The bellhop tells him to take me to the airport, turns to me and tells me to pay CFA 5000. "Oi!" I howl in protest. "How come it is only CFA 5000? I paid this guy CFA 7500 to bring me here."

We both turn to the Old Man About Bamako, who smiles sheepishly as the bellhop inquires about the discrepancy, and lies through his grey beard that he was waiting for me all along. I think honesty does evaporate under the desert sun.

Anyway, we head back to the airport in the steaming, rickety cab and I am too relieved to get out, I forget and give the guy CFA 5000, instead of the CFA 2500 I had wanted to give him.

As I walk into the airport, I am stopped by half a dozen policemen lounging on chairs in the entrance, dressed in sky blue shirts and black trousers.

"Passport," orders one of them, and I hand the document over together with my ticket.

He flips through the pages, looks up at me, shakes his head, flips the pages again, then turns his head back to me and addresses me in French. I can figure out he is saying something about me violating my transit visa but I feign complete ignorance of French and force him to say in out in terrible English.

He says my transit visa does not allow me to leave the airport grounds and that since I did and went into Bamako, I have to get a tourist visa.

I politely explain to him that I was told by one of his own that I could go to Bamako, and that if that was wrong, it was an honest mistake by a law-abiding citizen with good intentions.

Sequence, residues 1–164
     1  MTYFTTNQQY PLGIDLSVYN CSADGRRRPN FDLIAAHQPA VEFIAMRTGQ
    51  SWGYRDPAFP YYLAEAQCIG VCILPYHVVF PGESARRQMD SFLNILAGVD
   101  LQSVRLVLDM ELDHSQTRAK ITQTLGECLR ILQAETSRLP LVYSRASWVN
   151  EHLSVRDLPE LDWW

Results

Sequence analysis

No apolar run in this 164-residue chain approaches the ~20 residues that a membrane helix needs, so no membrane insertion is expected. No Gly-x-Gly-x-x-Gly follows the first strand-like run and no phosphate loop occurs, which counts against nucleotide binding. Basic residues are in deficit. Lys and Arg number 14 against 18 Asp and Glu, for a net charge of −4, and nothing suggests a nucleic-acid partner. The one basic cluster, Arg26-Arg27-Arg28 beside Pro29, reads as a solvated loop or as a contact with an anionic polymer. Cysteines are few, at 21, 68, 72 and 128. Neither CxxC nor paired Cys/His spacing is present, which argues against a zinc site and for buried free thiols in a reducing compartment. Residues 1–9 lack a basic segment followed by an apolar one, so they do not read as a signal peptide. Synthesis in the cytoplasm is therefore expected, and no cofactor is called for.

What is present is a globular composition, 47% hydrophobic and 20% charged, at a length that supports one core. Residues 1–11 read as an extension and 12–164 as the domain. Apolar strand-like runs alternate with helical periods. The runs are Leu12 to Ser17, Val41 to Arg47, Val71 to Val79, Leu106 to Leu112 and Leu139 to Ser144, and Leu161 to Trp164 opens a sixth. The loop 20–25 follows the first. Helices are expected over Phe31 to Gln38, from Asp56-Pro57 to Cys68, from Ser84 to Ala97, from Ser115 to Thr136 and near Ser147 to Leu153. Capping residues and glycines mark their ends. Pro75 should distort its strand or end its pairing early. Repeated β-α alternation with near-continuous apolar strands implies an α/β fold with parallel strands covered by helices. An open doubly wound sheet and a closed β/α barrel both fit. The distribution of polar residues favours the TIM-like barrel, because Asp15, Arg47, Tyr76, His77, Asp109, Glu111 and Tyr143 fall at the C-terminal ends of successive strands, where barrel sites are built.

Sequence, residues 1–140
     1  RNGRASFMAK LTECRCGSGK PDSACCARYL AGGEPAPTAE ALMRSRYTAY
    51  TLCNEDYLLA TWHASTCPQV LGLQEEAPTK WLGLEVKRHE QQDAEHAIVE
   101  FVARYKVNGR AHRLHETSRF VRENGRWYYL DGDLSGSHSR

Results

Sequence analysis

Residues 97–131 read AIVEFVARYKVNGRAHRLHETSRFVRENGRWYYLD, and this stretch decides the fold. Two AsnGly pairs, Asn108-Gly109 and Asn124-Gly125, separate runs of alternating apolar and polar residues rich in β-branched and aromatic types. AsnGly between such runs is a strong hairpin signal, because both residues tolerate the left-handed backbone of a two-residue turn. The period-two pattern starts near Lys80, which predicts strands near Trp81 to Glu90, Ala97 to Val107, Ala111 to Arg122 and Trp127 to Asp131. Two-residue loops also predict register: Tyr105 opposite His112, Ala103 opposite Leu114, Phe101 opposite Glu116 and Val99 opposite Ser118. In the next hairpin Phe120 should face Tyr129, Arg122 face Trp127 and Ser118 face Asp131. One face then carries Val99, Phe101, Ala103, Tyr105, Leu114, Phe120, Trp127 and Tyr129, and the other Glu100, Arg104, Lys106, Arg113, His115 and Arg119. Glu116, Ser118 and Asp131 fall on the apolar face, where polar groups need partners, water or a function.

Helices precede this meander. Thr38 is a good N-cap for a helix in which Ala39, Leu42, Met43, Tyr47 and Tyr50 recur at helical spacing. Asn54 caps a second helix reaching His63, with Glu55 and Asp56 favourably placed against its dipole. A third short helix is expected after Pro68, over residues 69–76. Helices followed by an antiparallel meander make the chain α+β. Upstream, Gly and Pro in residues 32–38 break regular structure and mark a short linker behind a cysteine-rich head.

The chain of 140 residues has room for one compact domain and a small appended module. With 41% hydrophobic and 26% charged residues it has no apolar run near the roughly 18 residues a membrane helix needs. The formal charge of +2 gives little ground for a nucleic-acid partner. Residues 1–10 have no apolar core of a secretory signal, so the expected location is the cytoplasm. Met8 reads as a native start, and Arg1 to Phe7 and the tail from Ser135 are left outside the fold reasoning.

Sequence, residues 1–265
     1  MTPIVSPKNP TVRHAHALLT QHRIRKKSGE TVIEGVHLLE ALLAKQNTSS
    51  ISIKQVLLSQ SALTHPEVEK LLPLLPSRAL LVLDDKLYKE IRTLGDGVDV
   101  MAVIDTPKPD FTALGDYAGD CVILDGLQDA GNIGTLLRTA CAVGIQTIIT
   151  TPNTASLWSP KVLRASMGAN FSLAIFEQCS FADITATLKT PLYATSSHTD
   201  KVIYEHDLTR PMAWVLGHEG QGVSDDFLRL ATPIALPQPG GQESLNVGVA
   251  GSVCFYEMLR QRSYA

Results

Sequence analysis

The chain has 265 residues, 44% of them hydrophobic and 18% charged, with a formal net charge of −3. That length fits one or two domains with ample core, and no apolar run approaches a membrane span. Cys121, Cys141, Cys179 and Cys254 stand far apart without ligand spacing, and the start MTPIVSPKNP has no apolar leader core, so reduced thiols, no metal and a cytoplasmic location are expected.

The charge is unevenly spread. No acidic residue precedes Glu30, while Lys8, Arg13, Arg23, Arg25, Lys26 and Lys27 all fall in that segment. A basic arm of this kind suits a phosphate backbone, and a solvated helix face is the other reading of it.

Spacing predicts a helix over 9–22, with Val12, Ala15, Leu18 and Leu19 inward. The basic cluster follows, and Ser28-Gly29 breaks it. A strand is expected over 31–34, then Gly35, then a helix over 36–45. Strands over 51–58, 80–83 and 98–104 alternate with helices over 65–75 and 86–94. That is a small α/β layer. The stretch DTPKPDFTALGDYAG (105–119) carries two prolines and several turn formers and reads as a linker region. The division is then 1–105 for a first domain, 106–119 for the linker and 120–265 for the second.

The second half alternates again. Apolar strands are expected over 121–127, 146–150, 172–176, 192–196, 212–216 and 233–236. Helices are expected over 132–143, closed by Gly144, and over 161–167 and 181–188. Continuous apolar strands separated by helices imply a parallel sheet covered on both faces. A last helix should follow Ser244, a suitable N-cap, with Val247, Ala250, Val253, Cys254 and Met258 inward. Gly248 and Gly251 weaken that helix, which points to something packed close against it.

After another five animated minutes in which I insist that (a) I have no money, (b) I could get money if I could an ATM that could take my mastercard (a bit like asking for a jacuzzi in the desert) and (c) that in any case I would insist on getting a receipt for accountability, he asks me to go check in and then return to pay for the visa.

Yeah right. I kept thinking about him and his blue uniform as my plane soared above the west african skies, taking me to Ouagadougou.

Actually, that is what I wish had happened. As it turned out, I did check in and went to the lounge, waited for the boarding call, and walked to the plane. As I went through the last security check, another cop asked for my passport and boarding pass.

He did not even look at them; he put them behind him on the table and told me I was not leaving unless I had a visa. In the background, I could hear the final boarding call being announced. This was the only flight out of Bamako to Ouagadougou. The next was in two days, after my meeting had ended.

First I asked the guy to be reasonable and let me go. Then I realised that he wanted a bribe and I decided I would only give it to him as the very last resort. Since he was playing bad cop, I would play bad passenger.

'Look,' I told him. 'I have to be on that plane there whether you like it or not. So if u insist on me getting a visa, take me to the visa office, I will pay for it as long, and I repeat, as long as I am issued a receipt in accordance with internationally accepted norms and practices.'